Rangers' Mike Napoli takes a lead role
From plate production to pitching staff's development, catcher's fingerprints spread
SURPRISE, Ariz. -- It's Yu-mania at Texas Rangers spring training. And those fans and media not racing all over the back fields at Surprise Recreational Campus chasing after the Japanese star are watching Neftali Feliz work on his changeup or Josh Hamilton whack balls in batting practice.
It's not that Napoli doesn't have his share of admirers here in the desert. If you're quiet, you can still hear the "NAP-O-LI" chants from the World Series. And one guy, wearing a Napoli jersey, followed him from field to field through every drill the other day. But on the two-time defending American League champions, there's plenty of star power to take some of the attention away from a catcher.
That doesn't seem right just a few months removed from the Year of the Napoli, does it?
"That's the great thing about this team," Napoli said. "Everyone contributes."
True. But not everyone has his hands on so many facets of the team's fortunes.
Think about it. Napoli is charged with providing power and production in the lineup. He has to guide a young pitching staff through games. The 30-year-old must play solid defense, making it difficult on runners to advance. And he must be a leader in the clubhouse, helping keep teammates loose.
He should only grow as a leader now that he's firmly a member of the Rangers after a season in Texas -- and not with the rival Los Angeles Angels.
"I remember thinking how cocky he was when he was with Anaheim," Rangers starter Matt Harrison said. "But he's not that way. And he's a great all-around player. I'm glad he's here with us."
Do the Rangers get home-field advantage in the first round and, consequently, in the ALCS against the Detroit Tigers without Napoli's two-homer night in Anaheim? Do they create stretch-drive momentum if not for Napoli's torrid second half at the plate?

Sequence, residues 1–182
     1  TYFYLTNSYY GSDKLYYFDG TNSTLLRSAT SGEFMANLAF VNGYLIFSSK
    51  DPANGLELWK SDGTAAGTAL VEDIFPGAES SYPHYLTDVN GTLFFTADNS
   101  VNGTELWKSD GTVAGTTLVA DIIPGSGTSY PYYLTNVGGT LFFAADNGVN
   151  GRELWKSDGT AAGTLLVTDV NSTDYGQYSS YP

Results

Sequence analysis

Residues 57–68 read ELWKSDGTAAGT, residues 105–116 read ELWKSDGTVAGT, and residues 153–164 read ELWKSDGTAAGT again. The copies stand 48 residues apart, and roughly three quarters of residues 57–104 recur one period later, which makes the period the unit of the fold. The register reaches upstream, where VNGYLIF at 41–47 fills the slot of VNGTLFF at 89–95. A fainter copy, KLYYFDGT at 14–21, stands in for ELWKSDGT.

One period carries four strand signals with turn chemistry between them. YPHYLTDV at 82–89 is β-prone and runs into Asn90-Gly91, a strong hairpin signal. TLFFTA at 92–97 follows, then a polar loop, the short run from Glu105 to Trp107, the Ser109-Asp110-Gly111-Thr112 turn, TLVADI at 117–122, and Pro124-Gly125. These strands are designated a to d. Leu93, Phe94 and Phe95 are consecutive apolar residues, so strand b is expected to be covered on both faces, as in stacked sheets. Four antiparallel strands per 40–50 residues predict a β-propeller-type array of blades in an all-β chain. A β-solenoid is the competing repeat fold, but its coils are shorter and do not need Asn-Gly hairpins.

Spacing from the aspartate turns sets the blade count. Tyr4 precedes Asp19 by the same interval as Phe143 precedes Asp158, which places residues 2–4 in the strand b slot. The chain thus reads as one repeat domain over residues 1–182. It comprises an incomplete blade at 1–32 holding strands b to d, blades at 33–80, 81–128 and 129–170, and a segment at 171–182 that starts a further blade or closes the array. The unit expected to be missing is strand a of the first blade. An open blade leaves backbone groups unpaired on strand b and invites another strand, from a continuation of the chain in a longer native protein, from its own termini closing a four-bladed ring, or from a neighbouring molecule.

But that's only part of Napoli's role. What impressed Rangers manager Ron Washington the most was how Napoli navigated a relatively inexperienced staff through the rigors of the final few months of the season and the playoffs. Napoli's offense forced the skipper to keep him in the lineup, but his game-calling and calming influence helped make him the starting catcher for most of the postseason.
"He did so many things for us in every part of the game," Washington said. "He was a big difference-maker."
And he must be again. But let's be realistic: Napoli's chances of hitting .383 in either half of 2012 might be just slightly better than winning the lottery. Even the catcher concedes he isn't expecting that mark out of himself.
"I know I'm not likely to have a long streak like that ever again," Napoli said. "But I know I can be more consistent and still hit well. That's my goal."
Napoli's searing hot streak from the moment fireworks went off at Rangers Ballpark in Arlington on July 4 through the end of the World Series gives him a difficult target to reach again in 2012. But Napoli chooses to take the year as a whole. He notes he struggled early and despite the huge second half still hit .320 overall.